AUTUMN SONATA (Höstsonaten)
(director/writer: Ingmar Bergman; cinematographer: Sven Nykvist; editor: Sylvia Ingmarsdotter; cast: Ingrid Bergman (Charlotte Andergast), Liv Ullmann (Eva), Lena Nyman (Helena, Charlotte’s abandoned spastic daughter), Halvar Bjork (Viktor), Gunnar Björnstrand (Paul), Erland Josephson (Josef), Arne Bang-Hansen (Uncle Otto), Marianne Aminoff (Charlotte’s private secretary), Georg Lokkeberg (Leonardo), Knut Wigert (Professor); Runtime: 97; MPAA Rating: PG; producer: Richard Brick; Criterion Collection; 1978-W.Germany-in English)
“This very good Ingrid and Ingmar Bergman film is very easy to love for its honesty and passion and wholesome belief in the importance of making a connection with one’s family.”
Reviewed by Dennis Schwartz
This was famous Hollywood actress and Swedish expatriate Ingrid Bergman’s first Swedish film in 40 years and was her last feature film before her death from cancer. It was the first time she worked with the great Swedish director Ingmar Bergman (“Persona”/”Scenes from a Marriage”/”Cries and Whispers”). It’s a highly emotionally charged psychological drama about the troubled relationship between a mother and daughter. In other words, it’s a typical Bergman personal drama about having the Nordic blues. The intense chamber music film is most like a Strindberg play.
After not seeing each other for seven years, Eva (Liv Ullmann), the reserved wife of a parson named Viktor (Halvar Bjork), invites her world famous concert pianist mother Charlotte Andergast (Ingrid Bergman) to visit during autumn in her beautiful country parsonage home in Norway. Mom’s Italian lover Leonardo, of the last 18 years, has just died. The girls are momentarily cheered to be united again and in understated conversations, with plenty of close-ups and flashbacks, soon express their concerns, regrets and suffering. Mom has to confront her guilt-trip of abandoning her daughter to pursue her career and her present loneliness, while the daughter faces up to her inadequacies and her needs that were never fulfilled in childhood leaving her emotionally scarred. There’s hope that this visit will result in many more such visits, as the girls aired out many things they never had a chance to talk about so intimately before and leave with a tentative feeling of forgiveness for past omissions (such deep hurts do not heal from just one visit).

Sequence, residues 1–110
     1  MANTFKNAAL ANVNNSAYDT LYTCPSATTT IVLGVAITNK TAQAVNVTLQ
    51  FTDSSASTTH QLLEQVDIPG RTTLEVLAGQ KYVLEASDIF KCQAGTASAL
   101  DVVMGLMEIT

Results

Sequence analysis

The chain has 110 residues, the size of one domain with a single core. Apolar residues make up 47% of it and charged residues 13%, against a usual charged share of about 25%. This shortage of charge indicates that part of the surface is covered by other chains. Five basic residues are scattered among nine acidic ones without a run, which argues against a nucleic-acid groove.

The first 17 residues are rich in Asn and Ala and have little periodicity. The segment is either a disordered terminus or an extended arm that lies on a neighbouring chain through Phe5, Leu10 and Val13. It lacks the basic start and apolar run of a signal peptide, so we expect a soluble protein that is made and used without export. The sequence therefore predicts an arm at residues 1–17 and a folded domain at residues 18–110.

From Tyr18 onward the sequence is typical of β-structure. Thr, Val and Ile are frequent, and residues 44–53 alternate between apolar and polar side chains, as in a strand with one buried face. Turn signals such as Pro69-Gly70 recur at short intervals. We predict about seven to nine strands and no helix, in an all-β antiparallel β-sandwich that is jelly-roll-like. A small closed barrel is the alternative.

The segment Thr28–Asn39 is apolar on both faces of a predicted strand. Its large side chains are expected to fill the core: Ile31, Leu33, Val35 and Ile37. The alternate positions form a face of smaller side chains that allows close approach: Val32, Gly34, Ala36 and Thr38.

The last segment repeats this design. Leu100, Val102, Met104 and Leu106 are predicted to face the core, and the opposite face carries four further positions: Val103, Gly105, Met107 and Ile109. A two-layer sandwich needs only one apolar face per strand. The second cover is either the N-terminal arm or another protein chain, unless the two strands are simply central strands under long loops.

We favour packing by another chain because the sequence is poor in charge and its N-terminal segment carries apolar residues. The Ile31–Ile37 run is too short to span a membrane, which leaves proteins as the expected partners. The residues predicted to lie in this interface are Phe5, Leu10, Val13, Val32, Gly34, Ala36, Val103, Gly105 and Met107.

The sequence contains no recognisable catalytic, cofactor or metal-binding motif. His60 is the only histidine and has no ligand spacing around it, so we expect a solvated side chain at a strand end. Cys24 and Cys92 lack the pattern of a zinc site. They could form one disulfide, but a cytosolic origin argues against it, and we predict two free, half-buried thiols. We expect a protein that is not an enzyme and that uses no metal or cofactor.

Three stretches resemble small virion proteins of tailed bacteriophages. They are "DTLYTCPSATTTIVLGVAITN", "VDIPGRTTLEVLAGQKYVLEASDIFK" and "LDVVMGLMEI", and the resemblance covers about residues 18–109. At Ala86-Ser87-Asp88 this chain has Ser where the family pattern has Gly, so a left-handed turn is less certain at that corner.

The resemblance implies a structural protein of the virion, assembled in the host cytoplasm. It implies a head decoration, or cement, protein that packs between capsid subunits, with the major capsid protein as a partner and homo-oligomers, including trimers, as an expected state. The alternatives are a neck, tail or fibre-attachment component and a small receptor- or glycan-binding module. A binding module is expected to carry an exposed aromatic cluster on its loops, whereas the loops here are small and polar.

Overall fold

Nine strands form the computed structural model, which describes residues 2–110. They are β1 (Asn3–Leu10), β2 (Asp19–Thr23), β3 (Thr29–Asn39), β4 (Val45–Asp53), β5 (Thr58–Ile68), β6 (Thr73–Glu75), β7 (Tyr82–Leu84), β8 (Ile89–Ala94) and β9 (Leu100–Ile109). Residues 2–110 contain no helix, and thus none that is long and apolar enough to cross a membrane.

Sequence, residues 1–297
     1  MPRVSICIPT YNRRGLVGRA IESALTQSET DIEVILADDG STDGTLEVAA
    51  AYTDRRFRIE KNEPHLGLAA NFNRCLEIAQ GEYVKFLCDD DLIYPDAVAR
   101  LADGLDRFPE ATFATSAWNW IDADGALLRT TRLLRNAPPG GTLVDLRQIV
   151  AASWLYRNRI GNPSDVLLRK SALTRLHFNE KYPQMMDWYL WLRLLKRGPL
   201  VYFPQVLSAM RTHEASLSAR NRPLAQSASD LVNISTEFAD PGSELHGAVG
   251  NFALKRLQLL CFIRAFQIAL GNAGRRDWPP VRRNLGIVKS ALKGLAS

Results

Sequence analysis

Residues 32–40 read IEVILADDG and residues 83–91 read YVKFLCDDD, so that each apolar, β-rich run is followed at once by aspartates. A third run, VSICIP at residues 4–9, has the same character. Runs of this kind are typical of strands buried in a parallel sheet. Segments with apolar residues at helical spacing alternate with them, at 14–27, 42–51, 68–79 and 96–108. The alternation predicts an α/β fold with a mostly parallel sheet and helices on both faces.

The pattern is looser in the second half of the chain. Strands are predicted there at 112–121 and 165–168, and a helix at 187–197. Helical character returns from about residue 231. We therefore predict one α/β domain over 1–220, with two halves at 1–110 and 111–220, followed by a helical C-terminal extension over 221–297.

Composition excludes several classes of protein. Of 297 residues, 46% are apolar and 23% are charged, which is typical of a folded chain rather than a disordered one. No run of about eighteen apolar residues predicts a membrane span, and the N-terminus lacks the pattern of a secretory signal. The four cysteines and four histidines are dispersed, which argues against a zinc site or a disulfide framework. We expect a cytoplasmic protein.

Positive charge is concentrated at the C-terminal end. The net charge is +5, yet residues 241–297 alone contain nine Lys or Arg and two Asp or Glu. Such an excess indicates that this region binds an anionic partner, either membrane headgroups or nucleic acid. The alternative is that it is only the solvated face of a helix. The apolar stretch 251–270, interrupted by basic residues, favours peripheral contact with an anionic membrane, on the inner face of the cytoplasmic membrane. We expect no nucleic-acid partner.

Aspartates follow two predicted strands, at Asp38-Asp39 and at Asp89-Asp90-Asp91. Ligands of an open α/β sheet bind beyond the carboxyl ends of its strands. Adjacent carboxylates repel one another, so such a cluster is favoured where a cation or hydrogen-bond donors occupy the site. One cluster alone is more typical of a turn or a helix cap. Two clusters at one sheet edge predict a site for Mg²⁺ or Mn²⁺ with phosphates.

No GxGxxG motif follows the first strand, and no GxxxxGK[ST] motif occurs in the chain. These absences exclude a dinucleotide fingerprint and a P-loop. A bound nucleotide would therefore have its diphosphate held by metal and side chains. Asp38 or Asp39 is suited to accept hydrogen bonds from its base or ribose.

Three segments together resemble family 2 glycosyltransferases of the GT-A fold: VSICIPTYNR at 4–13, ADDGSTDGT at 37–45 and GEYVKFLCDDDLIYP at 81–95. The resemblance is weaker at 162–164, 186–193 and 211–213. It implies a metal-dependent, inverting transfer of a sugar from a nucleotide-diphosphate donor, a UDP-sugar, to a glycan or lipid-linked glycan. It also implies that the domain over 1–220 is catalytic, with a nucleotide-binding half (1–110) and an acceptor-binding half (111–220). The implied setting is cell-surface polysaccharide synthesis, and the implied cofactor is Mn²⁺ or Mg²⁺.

Ingrid displays flashes of greatness as she’s able to bring to her character a range that stretches from naivety to worldly sophistication and from gaiety to tears. Too bad this was the only film the Bergmans (not related) made together. Liv matches Ingrid’s great performance with a very moving one of her own, especially in the hysterical scene where she points her finger at mom’s abandonment of her in her time of greatest need. Even while playing a Chopin prelude, Liv brings many facial expressions of how she’s nervous and trying to impress her distant mother. This very good Ingrid and Ingmar Bergman film is very easy to love for its honesty and passion and wholesome belief in the importance of making a connection with one’s family.
REVIEWED ON 9/20/2007 GRADE: A-